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Shields and Brooks on GOP’s response to Cohen allegations, Trump’s shutdown scuffle

Syndicated columnist Mark Shields and New York Times columnist David Brooks join William Brangham to discuss the week’s news, including Mick Mulvaney stepping into the role of White House chief of staff, how the GOP is keeping quiet on Michael Cohen saying that President Trump knew that it was wrong to pay off women during his campaign, and the skirmish between Trump and top Democrats.

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  • William Brangham:

    From the political fallout of Robert Mueller's investigation, to the Senate sending a strong message to Saudi Arabia, it has been a very busy week here in Washington.

    To help us understand it all, we turn to the analysis of Shields and Brooks. That's syndicated columnist Mark Shields and New York Times columnist David Brooks.

    Gentlemen, nice to see you both.

    So, we have, according to the president's tweet, a new acting chief of staff, Mick Mulvaney.

    David, that means, certainly, the storm is over on Pennsylvania Avenue, right?

  • David Brooks:

    Yes, I don't know why he is only acting. I mean, he was the OMB director, the budget director. He was a member of Congress before that from South Carolina.

    He was on the super fiscal hawk side of the ideological spectrum, and is generally well-regarded, as far as I know, in the House, or was in the House, and in and around Washington. He knows the players in Washington.

  • William Brangham:

    So, you would like to see him be the guy?

  • David Brooks:

    Well, he seems like a solid pick.

    The question for the chief of staff is not the normal question for a normal chief of staff, is, can this person protect Donald Trump from himself? And I would say that's an open question. We will see.

    You have got a — John Kelly was a big tough guy who had the general gravitas. And Trump would sometimes defer, but even at great personal cost to General Kelly. And so we will see if Mulvaney has that.

  • William Brangham:

    Mark, what do you think? Is it…

  • Mark Shields:

    He wore two hats. He was budget and management — OMB director. And he also took over the Consumer Protection Financial Bureau.

    And two things. We have seen the largest growth in the national debt in a time of prosperity in the world's history. Usually, when the debt goes down, it's a time of economic retraction and things aren't going well, and the government spends or war.

    We have had peace and we have had prosperity, and we have had the debt reach historic highs, on its way to even more historic guys. That's the first plus.

    The second is the Consumer Financial Protection Bureau, which Mr. Mulvaney was wearing his second hat, had the largest drop in morale of any government institution in Washington.

  • William Brangham:

    This is the bureau that is supposed to protect consumers from predatory lenders.

  • Mark Shields:

    Protect people — that's right — from predatory lenders and student loan exploiters and all sorts of other people.

    And his job there was basically to dismantle it. So, based upon those — that performance so far, it's perfect for the Trump administration.

    (LAUGHTER)

  • William Brangham:

    So maybe you would like to keep him in the White House, it sounds like.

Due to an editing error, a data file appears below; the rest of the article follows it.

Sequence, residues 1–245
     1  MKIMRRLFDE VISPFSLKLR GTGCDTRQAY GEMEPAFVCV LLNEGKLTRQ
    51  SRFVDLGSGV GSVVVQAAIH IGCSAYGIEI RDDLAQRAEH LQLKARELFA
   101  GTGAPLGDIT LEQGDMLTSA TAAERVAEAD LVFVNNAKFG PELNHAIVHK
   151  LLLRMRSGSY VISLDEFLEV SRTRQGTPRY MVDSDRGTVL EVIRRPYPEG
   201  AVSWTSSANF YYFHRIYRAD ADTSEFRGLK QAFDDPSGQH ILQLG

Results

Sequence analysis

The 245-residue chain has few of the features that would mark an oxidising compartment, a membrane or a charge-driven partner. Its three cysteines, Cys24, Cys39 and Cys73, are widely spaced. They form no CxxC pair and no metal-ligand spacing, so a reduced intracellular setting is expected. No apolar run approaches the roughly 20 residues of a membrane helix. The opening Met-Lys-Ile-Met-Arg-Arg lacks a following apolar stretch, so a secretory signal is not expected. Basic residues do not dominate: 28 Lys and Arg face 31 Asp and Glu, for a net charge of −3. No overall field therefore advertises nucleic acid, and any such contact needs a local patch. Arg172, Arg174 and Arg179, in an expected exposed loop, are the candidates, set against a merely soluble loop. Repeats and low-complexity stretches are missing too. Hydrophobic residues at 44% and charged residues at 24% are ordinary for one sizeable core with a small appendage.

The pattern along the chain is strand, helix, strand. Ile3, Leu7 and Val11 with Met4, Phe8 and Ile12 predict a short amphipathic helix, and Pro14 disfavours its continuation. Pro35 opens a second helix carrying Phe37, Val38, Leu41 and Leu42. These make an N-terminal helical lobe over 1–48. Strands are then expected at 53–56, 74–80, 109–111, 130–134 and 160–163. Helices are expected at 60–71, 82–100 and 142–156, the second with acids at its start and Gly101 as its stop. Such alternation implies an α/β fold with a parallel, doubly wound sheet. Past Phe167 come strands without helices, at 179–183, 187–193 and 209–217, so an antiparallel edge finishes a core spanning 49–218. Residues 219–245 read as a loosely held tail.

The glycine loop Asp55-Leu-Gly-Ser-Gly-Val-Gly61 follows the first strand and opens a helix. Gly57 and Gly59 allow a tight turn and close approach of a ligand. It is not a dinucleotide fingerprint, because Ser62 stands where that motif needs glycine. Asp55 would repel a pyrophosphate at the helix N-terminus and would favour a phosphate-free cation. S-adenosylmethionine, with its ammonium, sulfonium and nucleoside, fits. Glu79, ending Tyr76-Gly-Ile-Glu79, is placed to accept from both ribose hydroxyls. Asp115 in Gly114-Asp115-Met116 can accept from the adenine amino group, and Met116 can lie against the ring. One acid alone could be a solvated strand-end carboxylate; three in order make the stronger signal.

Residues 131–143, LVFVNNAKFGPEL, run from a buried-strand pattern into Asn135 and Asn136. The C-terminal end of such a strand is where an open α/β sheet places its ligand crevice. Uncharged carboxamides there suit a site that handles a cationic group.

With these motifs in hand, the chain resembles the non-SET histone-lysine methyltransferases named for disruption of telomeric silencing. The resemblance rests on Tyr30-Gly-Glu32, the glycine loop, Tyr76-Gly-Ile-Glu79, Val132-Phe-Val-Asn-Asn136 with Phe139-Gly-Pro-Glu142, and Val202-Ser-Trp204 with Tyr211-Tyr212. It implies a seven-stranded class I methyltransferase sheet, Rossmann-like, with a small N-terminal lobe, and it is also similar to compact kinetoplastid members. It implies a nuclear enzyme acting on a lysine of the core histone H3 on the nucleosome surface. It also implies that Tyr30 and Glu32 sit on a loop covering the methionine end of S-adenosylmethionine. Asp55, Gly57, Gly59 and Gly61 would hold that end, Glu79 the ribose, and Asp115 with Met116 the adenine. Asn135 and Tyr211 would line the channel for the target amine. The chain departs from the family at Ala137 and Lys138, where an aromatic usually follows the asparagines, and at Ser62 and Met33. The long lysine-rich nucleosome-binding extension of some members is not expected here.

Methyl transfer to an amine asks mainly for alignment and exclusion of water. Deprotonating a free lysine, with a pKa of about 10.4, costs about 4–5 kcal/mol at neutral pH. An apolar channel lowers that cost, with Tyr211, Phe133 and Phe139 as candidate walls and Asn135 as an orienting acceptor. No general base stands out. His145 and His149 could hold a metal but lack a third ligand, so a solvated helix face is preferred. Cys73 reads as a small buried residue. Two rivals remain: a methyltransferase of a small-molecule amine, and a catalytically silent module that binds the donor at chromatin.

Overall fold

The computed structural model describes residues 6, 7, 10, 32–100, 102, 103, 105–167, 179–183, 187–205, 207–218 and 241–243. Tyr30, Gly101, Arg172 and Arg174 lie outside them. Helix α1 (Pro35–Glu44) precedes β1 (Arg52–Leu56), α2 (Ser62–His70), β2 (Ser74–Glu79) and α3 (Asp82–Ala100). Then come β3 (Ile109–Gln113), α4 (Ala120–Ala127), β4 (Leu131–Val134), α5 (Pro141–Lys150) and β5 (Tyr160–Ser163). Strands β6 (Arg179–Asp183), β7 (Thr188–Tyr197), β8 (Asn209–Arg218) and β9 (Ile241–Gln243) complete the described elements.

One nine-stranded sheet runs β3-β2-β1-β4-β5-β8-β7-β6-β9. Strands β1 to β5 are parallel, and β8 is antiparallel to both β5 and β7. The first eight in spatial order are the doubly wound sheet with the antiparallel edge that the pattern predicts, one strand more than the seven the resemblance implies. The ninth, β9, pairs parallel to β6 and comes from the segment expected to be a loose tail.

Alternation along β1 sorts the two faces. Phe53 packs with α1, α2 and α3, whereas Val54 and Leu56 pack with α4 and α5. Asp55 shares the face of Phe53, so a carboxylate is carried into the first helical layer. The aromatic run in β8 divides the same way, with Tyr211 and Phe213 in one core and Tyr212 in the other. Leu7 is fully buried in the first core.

• Mark Shields:

    I think he — I think he just — it's a good fit.

    (LAUGHTER)

  • Mark Shields:

    I mean, I would say, you're expecting a life expectancy slightly shorter than that of a 2nd lieutenant in combat.

    (LAUGHTER)

  • Mark Shields:

    I mean, it's not — it's not a job of longevity.

  • William Brangham:

    This week, we also saw — the tail end of last weekend, this week — a greater understanding of these hush money payments that were made to these two women, so that they wouldn't talk and tell these somewhat troubling stories about their interactions with Donald Trump.

    We now have two people who were in the room who say that candidate Trump was there, and that they were clearly paying this money to direct these women to be quiet to protect the campaign.

    David, the collective response from the GOP seems to have been a collective shrug of the shoulders. Is that — is that just what we are to expect now?

  • David Brooks:

    Yes.

    These are felonies. They are felonies. And so they have to be taken seriously. I weirdly spent a lot — not weirdly, but, characteristically, spent a lot of time with Republicans on Capitol Hill this week, and they're just keeping their head down.

    One of the things, the Senate has become like a think tank. They sit around. They have a lot of time, not passing a lot of legislation. And they're thinking about the future of the Republican Party. They're thinking about policy. And so they're trying to plan the future probably post-Trump.

    And when they have to — and the thing that annoys them most is, they're trying to come up with policies to deal with poverty, foreign policy, the normal things that government used to do. And all the press wants to ask them is about Trump, and they're frustrated by that fact.

    So I think, collectively, they have decided, let's work on policy. Let's think through what conservatism means these days. And we will — we will talk about Trump when we're absolutely forced to, but, in the meantime, we will sort of try to do wonkish stuff.

  • William Brangham:

    Mark, what do you think about that? Is it OK for the president's party to put their heads down, when we are talking about potential felonies here?

  • Mark Shields:

    Well, I think it's fair to say that there is no Republican Party. It's a Trump party.

    And we have got 90 percent of self-identified Republican say they approve of the president's job, that that's what their loyalty is.

    A political party, William, is a coalition of people who disagree on some issues, but agree on more. And they organize for the purpose of winning elections and then passing policy, establishing policy, changing policy.

    And this is not — this is not a political party. I mean, we saw it this week with The Weekly Standard going out of business. We see it with Republicans on Capitol Hill.

    You do not dissent. I mean, there is no Gene McCarthy in the Republican Party that stands up.

  • William Brangham:

    Speaking up from within.

  • Mark Shields:

    Speaking up. And there is no movement within the Republican Party. They keep their heads down.